Tuesday, May 25, 2010

Two sides of the Coin: Date Krumm and Safina


Heartbreak for Dinara, Jubilation for Kimiko

Some are calling the upset shocking (Fox) and stunning (Yahoo). Others are calling it predictable. Some (like me) don't even think it was an upset.

Either way you slice it, the match between the 9th seed Dinara Safina and unseeded soon to be 40-year-old Kimiko Date Krumm was a crowd pleaser that was part psychological thriller and part fairy tale.

In defeating Safina, Date Krumm become the 2nd oldest woman to win a main draw match at Roland Garros (it was her first Grand Slam triumph in 14 years). The record still belongs to Virginia Wade, who was three months older than Krumm is today when she won a first round match at Roland Garros in 1985.

Still, being second to Wade did not do anything to dampen the spirits of the Japanese woman who returned to the game after a 13-year absence last year. Her unabashed joy at the conclusion of the match is the emotional high point of a French Open that is only three days in.


Date Krumm: I'm so happy I can't believe it

With the French fans showering her with boisterous applause, Date Krumm headed to the back of the court to get a hug and a kiss from members of her team. Her smile stretched from ear to ear, even as the injured calf that nearly forced her to retire earlier in the match was obviously bothering her a great deal.

But Date Krumm's soul-quenching quest for competition at the age of 39 is clearly more about the spirit than the body. She's not overly concerned about her second round match, saying, "I don't need to worry about the result. I don't need to worry about the money either. I had big successes in my first career."

Wow. If only Date Krumm's victim today could worry a little less about the results. If there ever was a tortured soul on the tennis court, it is Dinara Safina. Up a break in the second set, and up a double break in the third, Safina couldn't maintain her consistency down the stretch. It's no surprise, as the talented former No. 1 has, in addition to serious back issues, struggled mightily with her mental game in the last year.

Mightily, just for the record, might be a severe understatement in Safina's case.

One gets the impression that Safina is so haunted by fear of losing, that she simply can not bring herself to win, no matter how big a lead she gets. The Russian is strong physically, and she's a world-class ball striker, but until she can develop a reasonable sense of belief in herself she's going to be living the Groundhog day tennis nightmare - losing close matches in perpetuity that she could have won.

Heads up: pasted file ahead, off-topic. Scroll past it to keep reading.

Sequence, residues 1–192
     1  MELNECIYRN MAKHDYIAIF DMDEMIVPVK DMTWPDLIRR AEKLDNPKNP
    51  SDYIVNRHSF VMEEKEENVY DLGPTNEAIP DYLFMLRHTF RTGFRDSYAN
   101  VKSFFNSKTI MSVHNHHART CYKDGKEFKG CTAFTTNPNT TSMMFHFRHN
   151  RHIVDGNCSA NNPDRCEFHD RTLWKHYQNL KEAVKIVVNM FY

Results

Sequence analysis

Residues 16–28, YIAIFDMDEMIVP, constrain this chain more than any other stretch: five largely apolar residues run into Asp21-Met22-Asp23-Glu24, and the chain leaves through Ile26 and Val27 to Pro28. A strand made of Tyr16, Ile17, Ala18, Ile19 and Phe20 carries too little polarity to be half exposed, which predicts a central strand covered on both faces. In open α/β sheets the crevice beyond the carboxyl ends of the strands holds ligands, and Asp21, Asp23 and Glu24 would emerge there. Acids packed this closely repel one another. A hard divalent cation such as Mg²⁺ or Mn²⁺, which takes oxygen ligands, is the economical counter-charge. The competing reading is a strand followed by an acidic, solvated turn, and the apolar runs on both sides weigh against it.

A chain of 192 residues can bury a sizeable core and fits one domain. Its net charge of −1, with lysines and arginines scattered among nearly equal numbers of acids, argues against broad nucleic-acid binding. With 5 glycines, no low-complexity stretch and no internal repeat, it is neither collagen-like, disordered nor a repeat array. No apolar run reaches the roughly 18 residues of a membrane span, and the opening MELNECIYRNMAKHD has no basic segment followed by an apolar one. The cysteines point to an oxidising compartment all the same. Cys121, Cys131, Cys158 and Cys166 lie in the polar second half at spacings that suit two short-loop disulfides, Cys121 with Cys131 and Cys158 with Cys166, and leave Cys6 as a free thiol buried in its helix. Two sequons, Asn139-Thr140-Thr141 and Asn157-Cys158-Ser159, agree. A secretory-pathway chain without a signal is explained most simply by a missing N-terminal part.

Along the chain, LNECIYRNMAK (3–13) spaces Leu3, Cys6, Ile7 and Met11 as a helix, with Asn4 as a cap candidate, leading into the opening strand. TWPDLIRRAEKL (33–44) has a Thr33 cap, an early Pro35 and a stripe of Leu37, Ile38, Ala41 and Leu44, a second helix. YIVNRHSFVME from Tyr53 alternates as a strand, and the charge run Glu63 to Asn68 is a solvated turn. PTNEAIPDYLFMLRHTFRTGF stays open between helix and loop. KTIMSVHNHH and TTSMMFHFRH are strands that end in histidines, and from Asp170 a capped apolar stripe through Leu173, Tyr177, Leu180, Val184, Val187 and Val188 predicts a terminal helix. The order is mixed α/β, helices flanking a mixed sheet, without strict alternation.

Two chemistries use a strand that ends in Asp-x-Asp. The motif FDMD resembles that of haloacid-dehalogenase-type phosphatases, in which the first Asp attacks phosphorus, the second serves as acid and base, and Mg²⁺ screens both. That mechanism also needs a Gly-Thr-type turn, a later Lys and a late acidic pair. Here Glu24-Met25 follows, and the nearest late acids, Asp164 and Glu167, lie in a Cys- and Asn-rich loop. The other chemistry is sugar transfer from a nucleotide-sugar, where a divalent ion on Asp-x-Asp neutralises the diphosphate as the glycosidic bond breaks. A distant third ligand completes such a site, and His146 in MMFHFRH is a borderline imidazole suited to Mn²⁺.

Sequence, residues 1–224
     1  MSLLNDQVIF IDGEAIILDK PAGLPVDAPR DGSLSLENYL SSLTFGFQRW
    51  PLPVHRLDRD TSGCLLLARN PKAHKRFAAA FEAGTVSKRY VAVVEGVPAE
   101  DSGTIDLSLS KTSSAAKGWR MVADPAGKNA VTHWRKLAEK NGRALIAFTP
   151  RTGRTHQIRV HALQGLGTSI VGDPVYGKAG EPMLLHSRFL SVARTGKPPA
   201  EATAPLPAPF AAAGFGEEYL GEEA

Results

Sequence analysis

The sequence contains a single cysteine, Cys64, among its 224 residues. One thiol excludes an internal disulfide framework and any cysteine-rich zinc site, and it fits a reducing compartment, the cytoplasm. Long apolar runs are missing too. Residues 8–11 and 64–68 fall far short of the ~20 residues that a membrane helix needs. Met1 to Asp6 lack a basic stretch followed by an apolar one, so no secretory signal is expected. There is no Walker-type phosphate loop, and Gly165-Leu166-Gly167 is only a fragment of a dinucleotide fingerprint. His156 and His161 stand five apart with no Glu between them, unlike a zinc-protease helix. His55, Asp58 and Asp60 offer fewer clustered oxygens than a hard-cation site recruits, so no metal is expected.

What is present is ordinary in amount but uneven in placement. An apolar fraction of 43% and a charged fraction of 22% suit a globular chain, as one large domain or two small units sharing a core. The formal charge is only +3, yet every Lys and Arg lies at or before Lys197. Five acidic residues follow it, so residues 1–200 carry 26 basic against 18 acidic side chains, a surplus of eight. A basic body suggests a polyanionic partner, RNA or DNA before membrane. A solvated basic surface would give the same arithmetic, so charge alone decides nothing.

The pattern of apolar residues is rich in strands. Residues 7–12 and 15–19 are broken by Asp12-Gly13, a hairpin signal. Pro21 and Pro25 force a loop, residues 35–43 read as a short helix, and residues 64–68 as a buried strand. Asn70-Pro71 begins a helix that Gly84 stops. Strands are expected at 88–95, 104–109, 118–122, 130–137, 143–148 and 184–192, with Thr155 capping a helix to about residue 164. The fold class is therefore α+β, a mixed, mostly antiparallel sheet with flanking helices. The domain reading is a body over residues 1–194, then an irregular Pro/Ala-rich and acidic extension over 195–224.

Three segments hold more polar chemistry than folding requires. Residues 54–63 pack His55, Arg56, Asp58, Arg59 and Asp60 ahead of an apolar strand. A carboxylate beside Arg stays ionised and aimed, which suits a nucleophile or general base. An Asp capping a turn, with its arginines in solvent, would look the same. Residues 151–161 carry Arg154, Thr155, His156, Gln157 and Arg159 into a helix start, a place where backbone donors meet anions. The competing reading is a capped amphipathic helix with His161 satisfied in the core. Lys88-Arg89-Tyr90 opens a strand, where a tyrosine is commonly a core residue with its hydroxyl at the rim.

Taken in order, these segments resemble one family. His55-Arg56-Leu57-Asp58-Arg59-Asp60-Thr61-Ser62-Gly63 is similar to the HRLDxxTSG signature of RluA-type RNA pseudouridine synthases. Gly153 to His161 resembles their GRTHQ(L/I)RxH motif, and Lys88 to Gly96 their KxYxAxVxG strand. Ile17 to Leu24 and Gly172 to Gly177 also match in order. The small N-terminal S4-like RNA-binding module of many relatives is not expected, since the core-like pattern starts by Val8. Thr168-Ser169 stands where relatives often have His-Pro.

So, mixed emotions, as the glory of Kimiko Date Krumm's inspiring victory comes with the agony of yet another Dinara Safina setback. Their match today was a stunning picture of two women on divergent paths in life.

One is living the dream, while the other is living the nightmare.

2 comments:

  1. Or as P-Mac said, and although it's a worn cliche, it was the "thrill of victory and the agony of defeat" today.

    Like you said, this was not a shock upset as Date Krumm usually only loses when someone plays a steadier game than she, which is usually 90% of the rest of the tour. It was a wonderful moment for her and I hope she can go another round at least.

    As for Safina, her days in the "wilderness" may just be beginning. Unlike Ivanovic who just seemed to have confidence issues, Safina appears to be battling not only her body but the pressure of being, well not for the moment, a top player. It was interesting seeing Kuznetsova being asked about her own mini-slump the other day and her response was "I've won two Grand Slams so I should know how to improve my game".

    To see Sveta give a confident response and not seem worried shows that at the end it doesn't matter how many coaches one piles on, confidence has to come from within. Whether or not Safina can find that to save her career is something we'll find out.

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  2. sometimes one has to suffer, to crash and burn; i believe Dinara will figure it out, and get through it, though; and find her way back to the top.

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